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Date With the Wrecking Ball: The Cercle Sportif Saigonnais

Local conservation groups have expressed concern about a plan approved by the Ho Chi Minh City Labor Culture Palace to demolish the much-loved 1925 Cercle Sportif Saigonnais and replace it with a state-of-the-art cultural and sporting facility featuring “green architecture” designed by GK Architecture and Nikken Sekkei.

The Cercle Sportif Saigonnais (CSS) was originally founded in 1902 in a villa at 26 Ly Tu Trong (now home to the Catinat building), where fencing, shooting, riding and gymnastics were provided for colonial settlers and wealthy Vietnamese. In 1905, the CSS was relocated to its current site in the Jardin de la Ville (now Tao Dan Park), an unofficial sports ground for athletics, horse racing, shooting and other sporting pursuits since the 1870s. By 1910, the CSS incorporated a pavilion, an athletics track, tennis courts and a football pitch, plus a sailing club on the Arroyo de l’Avalanche (now the Thi Nghe Creek), near the Saigon Botanical and Zoological Gardens.

Most of the current facilities date from 1925. They were inaugurated on December 5, 1925 at “a brilliant reception attended by the Governor of Cochinchina and key notables of the colony,” according to a 1926 description of the CSS opening by the Indochinese press. The original facility included “10 tennis courts, a football field with spectator stands (which may rarely be found in France) and comfortable buildings with rooms for fencing, billiards, games and reading, a dance hall, and vast changing rooms.” The outdoor swimming pool was added in September 1933 and the administrative buildings in the late 1950s.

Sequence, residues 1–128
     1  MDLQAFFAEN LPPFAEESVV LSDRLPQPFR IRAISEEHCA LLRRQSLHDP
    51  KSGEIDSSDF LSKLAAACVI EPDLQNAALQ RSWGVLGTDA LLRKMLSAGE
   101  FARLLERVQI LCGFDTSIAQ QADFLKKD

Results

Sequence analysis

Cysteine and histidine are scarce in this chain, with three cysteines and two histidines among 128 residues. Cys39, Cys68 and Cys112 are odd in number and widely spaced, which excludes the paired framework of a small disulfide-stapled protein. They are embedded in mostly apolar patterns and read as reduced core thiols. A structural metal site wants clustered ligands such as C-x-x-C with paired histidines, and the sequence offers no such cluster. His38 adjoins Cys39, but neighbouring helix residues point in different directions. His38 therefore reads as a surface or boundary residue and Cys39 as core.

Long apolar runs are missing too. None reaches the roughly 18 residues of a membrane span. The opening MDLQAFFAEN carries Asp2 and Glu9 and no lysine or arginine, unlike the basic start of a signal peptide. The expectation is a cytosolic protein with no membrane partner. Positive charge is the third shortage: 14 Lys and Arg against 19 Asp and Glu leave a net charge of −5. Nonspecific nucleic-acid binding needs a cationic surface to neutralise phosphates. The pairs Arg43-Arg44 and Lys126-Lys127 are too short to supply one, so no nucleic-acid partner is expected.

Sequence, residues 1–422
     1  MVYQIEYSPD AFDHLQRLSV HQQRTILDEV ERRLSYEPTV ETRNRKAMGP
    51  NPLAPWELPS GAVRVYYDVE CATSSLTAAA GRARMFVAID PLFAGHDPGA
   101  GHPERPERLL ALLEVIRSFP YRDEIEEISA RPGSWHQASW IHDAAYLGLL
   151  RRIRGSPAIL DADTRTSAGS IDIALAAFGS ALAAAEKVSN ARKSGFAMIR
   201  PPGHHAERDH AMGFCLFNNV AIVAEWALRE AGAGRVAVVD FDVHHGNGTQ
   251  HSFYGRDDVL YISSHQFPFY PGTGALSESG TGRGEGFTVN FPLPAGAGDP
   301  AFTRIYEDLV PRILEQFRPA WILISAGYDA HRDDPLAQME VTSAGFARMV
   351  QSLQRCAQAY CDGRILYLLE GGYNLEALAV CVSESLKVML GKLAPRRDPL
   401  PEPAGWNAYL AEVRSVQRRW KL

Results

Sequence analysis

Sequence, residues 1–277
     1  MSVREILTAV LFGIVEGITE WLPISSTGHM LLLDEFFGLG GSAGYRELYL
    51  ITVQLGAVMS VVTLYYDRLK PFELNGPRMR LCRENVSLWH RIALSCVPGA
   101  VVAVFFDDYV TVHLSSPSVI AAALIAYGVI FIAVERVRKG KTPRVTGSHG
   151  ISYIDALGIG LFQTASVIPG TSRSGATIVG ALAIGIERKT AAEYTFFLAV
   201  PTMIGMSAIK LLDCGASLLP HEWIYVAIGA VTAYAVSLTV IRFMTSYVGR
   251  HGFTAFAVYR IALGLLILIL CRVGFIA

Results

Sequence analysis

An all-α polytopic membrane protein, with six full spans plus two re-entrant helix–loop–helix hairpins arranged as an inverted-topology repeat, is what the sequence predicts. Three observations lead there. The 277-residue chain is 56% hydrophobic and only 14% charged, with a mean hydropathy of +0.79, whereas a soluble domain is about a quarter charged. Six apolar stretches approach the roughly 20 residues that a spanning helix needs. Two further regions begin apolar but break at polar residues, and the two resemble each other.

Thereafter the CSS became a “gathering point for the elite of Saigon society”. Famous visitors of the 1950s and 1960s included General Paul Ely, Graham Greene, US Ambassador Henry Cabot Lodge and South Vietnamese politicians Nguyen Cao Ky and Duong Van Minh, the latter feted as a skillful tennis player.

Since Reunification the former CSS, now known as the Ho Chi Minh City Labor Culture Palace, has been managed by the Ho Chi Minh United Trades Union.

The new facility will include “a large cultural square, offices, theater and conference facilities, cinema, sports area, swimming pool, multipurpose auditorium, outdoor stage, gardens and basement with underground parking”. According to the Ho Chi Minh Labor Culture Palace, the new center “is expected to become a focus for cultural, arts and sports activities to meet the needs and aspirations of city workers”.

Visit Historic Vietnam for a more detailed history of the Cercle Sportif Saigonnais.

Photo by Brandon Coleman.

Tim Doling is the author of the walking tour guidebook Exploring Ho Chi Minh City (Nha Xuat Ban The Gioi, Hanoi, 2014). Join the Facebook group page Saigon Cho Lon Then & Now to see historic photographs juxtaposed with new ones taken in the same locations, and Dai Quan sat Di san Sai Gon – Saigon Heritage Observatory for up-to-date information on conservation issues in Saigon and Cho Lon.

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